3. Explain how there is an understanding between you and the participants regarding classroom rules. Draw attention to how the rules were established. Ask participants: What happens when someone does not respect the rules, or if they do not follow the rules? 
  4. Use this example to draw an analogy to the concept of rule of law and the U.S., highlighting the following key points: 
    • Rule of law relies on all parties involved taking responsibility for their actions (for example, citizens are responsible for obeying the law, while law enforcement is responsible for obeying and enforcing the law).   
    • Rule of law assumes that there are just laws. Laws should be clear, and everyone should know how laws are enforced, and the consequences for not upholding the law. 
    • Rule of law also includes a system by which the people impacted by the laws can dispute them or advocate for changes in the law affecting them. 
  5. Next ask participants: What are the laws in your country of origin?  Are there any laws that exist in your country, but are not enforced by the government? 
  6. Share images on U.S. laws. Ask participants to sort the images into three categories: legal, illegal, or both depending on circumstances, in the U.S.  
  7. Ask participants to explain their responses and correct responses as needed. 
  8. Ask participants: What are the consequences for break the law in the U.S.? 
  9. Explain that there are many laws in the U.S. and it’s their responsibility to know the laws, that laws can change, and that the laws vary from one state to another. 

  • If conducting virtually, provide physical CO packet of materials ahead of time with images. 

Chopped Tree Scenario

This activity is ideal to explore with participants the concept of due process and how it works in the U.S. It can be applied in-person and virtually.

  1. Share the Chopped Tree Scenario. It may be helpful to provide a visual.  
  2. Ask participants: What could happen next?  
  3. After discussing, provide participants with the additional information on the scenario.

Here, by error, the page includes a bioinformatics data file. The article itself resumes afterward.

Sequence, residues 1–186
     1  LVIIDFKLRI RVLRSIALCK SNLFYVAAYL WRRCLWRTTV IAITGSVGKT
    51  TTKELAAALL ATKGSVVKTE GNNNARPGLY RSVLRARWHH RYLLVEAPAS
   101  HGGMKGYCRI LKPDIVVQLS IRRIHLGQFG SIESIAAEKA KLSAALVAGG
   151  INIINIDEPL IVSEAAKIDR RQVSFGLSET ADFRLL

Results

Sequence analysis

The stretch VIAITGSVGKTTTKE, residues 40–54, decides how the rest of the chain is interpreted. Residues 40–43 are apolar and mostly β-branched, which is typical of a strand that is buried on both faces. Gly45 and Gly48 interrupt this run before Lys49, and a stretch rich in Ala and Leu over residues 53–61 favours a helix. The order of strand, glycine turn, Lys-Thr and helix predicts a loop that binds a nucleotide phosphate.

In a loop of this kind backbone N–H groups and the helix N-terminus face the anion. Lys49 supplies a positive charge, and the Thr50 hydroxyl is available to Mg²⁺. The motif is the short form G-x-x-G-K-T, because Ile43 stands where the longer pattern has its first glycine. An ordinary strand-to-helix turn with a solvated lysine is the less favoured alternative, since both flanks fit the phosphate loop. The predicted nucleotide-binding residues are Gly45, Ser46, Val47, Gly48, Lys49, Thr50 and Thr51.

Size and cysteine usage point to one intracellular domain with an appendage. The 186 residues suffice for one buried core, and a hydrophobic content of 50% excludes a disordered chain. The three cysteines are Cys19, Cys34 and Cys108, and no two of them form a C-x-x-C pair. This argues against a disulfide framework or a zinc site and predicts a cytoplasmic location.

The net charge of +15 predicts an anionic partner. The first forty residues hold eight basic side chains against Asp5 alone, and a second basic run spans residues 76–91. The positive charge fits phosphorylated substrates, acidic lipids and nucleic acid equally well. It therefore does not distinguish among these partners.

4. Ask participants: Was this the correct decision? Is it fair? Why or why not? What are the advantages of this choice? What are the challenges?  
  5. Now ask participants to consider the phrase: “right to due process”. Ask participants: What do you think this means?  
  6. Provide this definition: the right to be treated fairly through the use of certain procedures if one is accused of a crime. Explain that in the U.S., the Fifth and Fourteenth Amendments require due process.  
  7. Provide participants with the Rule of Law fact sheet or podcast for more details.  
  8. Ask participants to consider the scenario. Was what happened to the family fair? What about the neighbor? How could having a system of due process have helped or changed the outcome?   

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Taken from Rule of Law Lesson Plan 

Rule of Law using COREnav Resources 

This activity is ideal for reviewing rule of law, U.S. laws, and consequences of breaking the law. It can be applied in-person and virtually.

  1. Share the Rule of Law fact sheet or play the podcast. 
  2. Use the  Rule of Law in the U.S. Guided Worksheet to guide participants in learning about the rule of law, and in particular the Fifth, Sixth, and Fourteenth Amendments. 
  3. Conduct the general debrief or review provided using Debrief Questions Handout. 

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Taken from Rule of Law Lesson Plan 

Lesson Plans

Refugees have compelling needs for protection and, by definition, have a well-founded fear of persecution, often from government authorities or from other powerful social entities. As refugees prepare to come to the United States, many are unfamiliar with the laws that protect their rights, and once they arrive, need encouragement to engage with their new government with trust. These lesson plans are designed to introduce refugees to some fundamental rights in the United States which many Americans may take for granted. It is designed to instill confidence in their safety and build a sense of civic pride and responsibility.

Rule of Law

First Amendment Rights